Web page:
By: Taran Adarsh, IndiaFM
Tuesday, January 16, 2007
Meet India's most powerful man, screams the headlines. You want to believe the statement primarily because the man at the helm of affairs is none other than Mani Ratnam, one of the finest talents India has produced. Irrespective of how his films are received by the paying public, you cannot deny the fact that a Mani Ratnam film is special.
So when Guru, Mani's new film, makes claims such as the one mentioned above, the viewer saunters into the cineplex with real big expectations.
Mani's impressive repertoire includes a few bio-pics and now Guru is a welcome addition to the club. This time around, the supremely talented storyteller narrates the story of a man who rises from zilch and becomes the premier industrialist of the country through sheer hard work, determination, passion and grit.
[an error occurred while processing this directive]As a story, Guru is tremendously inspiring and makes you feel all the more confident to encounter challenges and hurdles that may crop up in a journey called life. But by no means is Guru a documentary, as a section of the film industry/media would want us to believe. Sure, Guru chronicles several vital facets of an industrialist's life, but the marriage of enlightenment and entertainment is brilliantly executed here.
With Guru, Mani proves that he's indeed the Guru when it comes to narrating stories. Note the poignant moments in the narrative -- Guru's thorny relationship with his father [Rajendra Gupta], his relationship with a newspaper publisher [Mithun Chakraborty], Guru's brother-in-law Jignesh [Arya Babbar] staging a walkout and creating a rift between Guru and his wife Sujata [Aishwarya Rai], the confrontation between the journalist [Madhavan] and Guru at the publisher's residence, Guru's emotional moment in the hospital when his trusted aide [Manoj Joshi] attempts suicide and of course, the finale.
The graph of Guru escalates gradually and reaches its crescendo in the concluding reels. Guru's monologue in a packed courtroom -- where an enquiry commission is looking into the complaints against Guru's companies -- gives you goose bumps. The simpleton from a village in Gujarat roars like never before and the impact it creates cannot be described in mere words. All you want to say is, it's the most fitting finale for a fabulous film!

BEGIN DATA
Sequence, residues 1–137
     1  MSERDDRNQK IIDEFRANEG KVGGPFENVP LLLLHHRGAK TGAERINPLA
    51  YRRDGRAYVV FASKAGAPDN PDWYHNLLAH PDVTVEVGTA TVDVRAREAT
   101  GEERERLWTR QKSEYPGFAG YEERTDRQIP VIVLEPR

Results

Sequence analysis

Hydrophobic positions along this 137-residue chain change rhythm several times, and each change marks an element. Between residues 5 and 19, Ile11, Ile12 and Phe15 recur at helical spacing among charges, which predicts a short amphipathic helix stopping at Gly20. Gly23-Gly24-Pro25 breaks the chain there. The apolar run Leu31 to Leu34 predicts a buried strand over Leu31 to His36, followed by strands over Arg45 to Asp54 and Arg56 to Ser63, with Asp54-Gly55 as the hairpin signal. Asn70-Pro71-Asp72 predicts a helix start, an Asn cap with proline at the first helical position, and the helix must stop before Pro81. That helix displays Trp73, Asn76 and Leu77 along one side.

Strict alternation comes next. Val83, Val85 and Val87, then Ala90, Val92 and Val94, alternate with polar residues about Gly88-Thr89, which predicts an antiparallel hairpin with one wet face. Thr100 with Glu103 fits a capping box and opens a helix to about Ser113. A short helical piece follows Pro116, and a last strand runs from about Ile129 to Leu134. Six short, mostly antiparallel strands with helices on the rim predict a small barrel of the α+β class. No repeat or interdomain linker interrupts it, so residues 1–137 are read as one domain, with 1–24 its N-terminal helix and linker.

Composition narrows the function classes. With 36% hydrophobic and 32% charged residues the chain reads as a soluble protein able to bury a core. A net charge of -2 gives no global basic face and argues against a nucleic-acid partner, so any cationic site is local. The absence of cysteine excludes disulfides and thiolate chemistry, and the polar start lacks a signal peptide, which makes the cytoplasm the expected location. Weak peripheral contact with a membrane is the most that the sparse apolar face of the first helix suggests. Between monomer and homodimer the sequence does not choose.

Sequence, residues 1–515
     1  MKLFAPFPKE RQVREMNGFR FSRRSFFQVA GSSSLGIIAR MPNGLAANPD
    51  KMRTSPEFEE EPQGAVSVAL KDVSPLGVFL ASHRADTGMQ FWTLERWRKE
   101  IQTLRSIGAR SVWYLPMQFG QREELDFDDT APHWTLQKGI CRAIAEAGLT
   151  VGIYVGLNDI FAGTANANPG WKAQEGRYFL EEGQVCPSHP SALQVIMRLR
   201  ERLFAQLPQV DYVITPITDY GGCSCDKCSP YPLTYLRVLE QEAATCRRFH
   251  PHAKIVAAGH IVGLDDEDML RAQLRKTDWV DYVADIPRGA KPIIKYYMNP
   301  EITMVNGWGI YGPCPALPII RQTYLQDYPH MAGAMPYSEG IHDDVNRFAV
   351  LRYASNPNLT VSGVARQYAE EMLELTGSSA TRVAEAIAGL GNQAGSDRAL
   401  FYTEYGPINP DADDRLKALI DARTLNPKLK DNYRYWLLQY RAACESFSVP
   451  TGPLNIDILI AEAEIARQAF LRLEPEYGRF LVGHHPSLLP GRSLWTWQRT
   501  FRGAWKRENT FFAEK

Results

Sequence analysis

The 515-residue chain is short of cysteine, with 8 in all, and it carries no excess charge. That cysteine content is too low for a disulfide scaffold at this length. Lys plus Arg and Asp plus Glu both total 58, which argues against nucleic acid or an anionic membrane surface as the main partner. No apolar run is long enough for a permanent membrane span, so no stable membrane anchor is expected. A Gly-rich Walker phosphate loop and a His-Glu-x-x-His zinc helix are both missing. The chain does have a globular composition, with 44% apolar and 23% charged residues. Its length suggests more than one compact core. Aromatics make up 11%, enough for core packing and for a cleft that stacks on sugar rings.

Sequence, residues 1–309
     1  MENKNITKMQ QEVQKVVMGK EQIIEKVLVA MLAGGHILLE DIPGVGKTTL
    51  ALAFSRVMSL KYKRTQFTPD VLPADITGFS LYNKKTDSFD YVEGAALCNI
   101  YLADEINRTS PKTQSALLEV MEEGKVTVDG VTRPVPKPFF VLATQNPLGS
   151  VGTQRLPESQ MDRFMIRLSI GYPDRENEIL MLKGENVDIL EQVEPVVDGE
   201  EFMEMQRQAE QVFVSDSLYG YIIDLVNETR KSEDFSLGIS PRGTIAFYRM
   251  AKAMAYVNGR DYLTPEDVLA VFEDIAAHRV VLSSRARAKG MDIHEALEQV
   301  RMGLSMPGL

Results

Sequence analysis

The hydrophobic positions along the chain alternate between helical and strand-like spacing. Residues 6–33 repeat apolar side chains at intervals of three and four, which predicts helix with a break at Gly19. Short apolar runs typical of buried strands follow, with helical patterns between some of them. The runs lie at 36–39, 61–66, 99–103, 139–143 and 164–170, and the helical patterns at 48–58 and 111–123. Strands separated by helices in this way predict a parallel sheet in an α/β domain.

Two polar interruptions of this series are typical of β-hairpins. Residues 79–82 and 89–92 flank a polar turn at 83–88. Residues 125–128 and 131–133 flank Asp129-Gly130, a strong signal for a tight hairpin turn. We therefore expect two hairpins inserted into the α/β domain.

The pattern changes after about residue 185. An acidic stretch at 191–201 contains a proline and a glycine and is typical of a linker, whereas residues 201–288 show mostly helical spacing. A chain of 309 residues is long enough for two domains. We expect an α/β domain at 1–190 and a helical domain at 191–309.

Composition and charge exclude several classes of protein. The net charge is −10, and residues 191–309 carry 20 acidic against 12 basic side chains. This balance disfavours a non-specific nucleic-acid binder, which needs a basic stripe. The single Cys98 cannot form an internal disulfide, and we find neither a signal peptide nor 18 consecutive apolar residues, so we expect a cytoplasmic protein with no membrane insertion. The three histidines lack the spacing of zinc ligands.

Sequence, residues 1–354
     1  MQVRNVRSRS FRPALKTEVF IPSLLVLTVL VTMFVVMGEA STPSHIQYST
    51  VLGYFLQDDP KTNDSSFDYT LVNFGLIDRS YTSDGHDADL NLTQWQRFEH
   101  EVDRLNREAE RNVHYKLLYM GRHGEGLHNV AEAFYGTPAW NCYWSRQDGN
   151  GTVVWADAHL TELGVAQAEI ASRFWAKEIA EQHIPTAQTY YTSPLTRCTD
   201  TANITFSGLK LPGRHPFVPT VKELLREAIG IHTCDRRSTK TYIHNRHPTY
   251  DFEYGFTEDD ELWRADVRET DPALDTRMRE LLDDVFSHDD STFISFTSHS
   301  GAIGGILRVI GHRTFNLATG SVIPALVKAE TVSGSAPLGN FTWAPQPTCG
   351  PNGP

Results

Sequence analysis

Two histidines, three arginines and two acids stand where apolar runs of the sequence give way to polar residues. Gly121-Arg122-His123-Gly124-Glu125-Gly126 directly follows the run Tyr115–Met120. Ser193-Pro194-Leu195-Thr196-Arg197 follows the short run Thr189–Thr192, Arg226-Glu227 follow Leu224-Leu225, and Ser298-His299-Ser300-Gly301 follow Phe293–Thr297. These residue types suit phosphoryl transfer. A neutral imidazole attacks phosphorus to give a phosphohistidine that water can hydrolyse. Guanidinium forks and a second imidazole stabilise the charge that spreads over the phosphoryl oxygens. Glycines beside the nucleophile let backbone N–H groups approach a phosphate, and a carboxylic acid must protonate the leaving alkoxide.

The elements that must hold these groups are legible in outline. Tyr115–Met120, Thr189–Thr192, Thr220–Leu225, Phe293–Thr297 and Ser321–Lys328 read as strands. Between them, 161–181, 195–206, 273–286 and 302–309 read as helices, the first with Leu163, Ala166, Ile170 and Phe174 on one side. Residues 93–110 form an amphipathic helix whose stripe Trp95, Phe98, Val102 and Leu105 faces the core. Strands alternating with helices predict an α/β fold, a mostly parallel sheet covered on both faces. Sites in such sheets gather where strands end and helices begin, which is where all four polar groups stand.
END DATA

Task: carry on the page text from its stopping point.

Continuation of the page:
Mani's choice of the protagonist -- Abhishek Bachchan -- is equally worthy. You ought to be enormously talented to understand the nuances of the character and Abhishek deserves the highest praise for reliving a complex role. You smile when he smiles, you cry when he cries... you relive every single emotion that the character experiences. Only goes to show that the actor involves you at every step with a stupendous performance.
In a nutshell, Guru packs in a solid punch in those 2.45 hours. The year 2007 may have just begun, but one can confidently state that this Mani Ratnam film will rank prominently amongst the bests of the year when we go into a flashback mode later this year. Put your hands together for one of the most courageous attempts on the Hindi screen. Guru is a film not to be missed!
In a small village of Idar in Gujarat, a young man dreams of making it big some day. His father [Rajendra Gupta], the headmaster of the village school, tells him that dreams never come true. But Gurukant Desai [Abhishek Bachchan] dares to dream!
Set in 1951, Guru tells the story of a ruthlessly ambitious villager who moves to Turkey first and Mumbai later with his wife Sujata [Aishwarya Rai] and brother-in-law Jignesh [Arya Babbar] to fulfill his dreams.